DNV GL: Remote services to increase in importance post COVID-19

The Maritime Operational Centre in Høvik, from where remote surveys are being carried out. Other units with remote survey experts are located in Hamburg, Singapore, Houston and Piraeus. Credit: DNV GL

Further digitalisation and the use of remote services will be relied on more, even after the outbreak of COVID-19 declines, according to industry figures at a DNV GL webinar on 2 April.

“Maritime shipping is facing unprecedented challenges these days in the coronavirus crisis,” said Anne Moschner, director communications DNV GL Maritime. “Digital forms of collaboration have now become more important than ever and so have digital solutions to support ship operations.”

During the webinar on how to continue smooth ship operations during the pandemic, Geir Dugstad, technical director, DNV GL, said that despite COVID-19, strict environmental regulations still apply and will continue to be enforced. He noted that ships are still scheduling ballast water retrofits and trying to gain access to low sulphur fuels to remain compliant.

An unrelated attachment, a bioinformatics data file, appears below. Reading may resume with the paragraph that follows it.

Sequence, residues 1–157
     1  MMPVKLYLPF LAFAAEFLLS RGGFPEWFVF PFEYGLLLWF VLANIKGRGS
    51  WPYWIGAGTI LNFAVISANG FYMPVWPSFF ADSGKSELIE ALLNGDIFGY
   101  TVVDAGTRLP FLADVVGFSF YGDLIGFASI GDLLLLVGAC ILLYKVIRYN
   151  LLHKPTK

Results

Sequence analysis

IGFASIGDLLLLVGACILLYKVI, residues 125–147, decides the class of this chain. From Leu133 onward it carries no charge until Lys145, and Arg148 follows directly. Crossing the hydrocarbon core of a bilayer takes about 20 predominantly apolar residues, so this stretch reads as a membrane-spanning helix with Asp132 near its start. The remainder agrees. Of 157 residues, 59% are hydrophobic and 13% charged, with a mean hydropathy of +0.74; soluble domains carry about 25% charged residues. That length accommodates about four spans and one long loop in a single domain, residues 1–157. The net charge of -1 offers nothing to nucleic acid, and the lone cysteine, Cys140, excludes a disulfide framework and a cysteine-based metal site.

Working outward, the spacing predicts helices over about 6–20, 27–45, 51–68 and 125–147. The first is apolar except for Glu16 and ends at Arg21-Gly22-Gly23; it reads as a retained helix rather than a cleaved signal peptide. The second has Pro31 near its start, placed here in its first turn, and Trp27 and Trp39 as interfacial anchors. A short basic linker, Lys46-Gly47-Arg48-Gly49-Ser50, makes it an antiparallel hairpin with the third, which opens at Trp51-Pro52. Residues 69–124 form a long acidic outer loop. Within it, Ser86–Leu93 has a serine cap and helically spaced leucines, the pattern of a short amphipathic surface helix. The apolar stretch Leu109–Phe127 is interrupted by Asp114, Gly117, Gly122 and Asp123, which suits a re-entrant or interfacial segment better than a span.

Dugstad added that due to continued regulatory pressure use  of DNV GL’s digital tools has increased, especially remote surveys, over the past few weeks when  lockdowns have been implemented. “These tools are useful and will continue to be useful after the crisis as well,” he concluded.

The use of digital solutions such as e-certificates and remote surveys is increasing and is, in some cases, more efficient. “There is no way of losing a certificate if you have it electronically,” stated Stener Stenersen, head of DNV GL’s technical support, adding that handling costs and postage time is also cut from the equation.

Further, the use of remote surveys brings little distraction to operations and saves travel time and cost for the surveyor. The remote surveyor will first check t if the survey can be carried out remotely and once carried out, certificates are issued digitally and immediately, which will ensure vessel compliance, even duringthese disruptive times.

Stenersen assured that all remote survey requests are evaluated on a case-by-case basis and as a result 10% of survey requests are rejected if it is felt the same quality as an onboard survey will not be achieved.

“We strongly believe the role of the auditor will not disappear, but there will be an increase in remote surveys after COVID-19,” Stenersen concluded.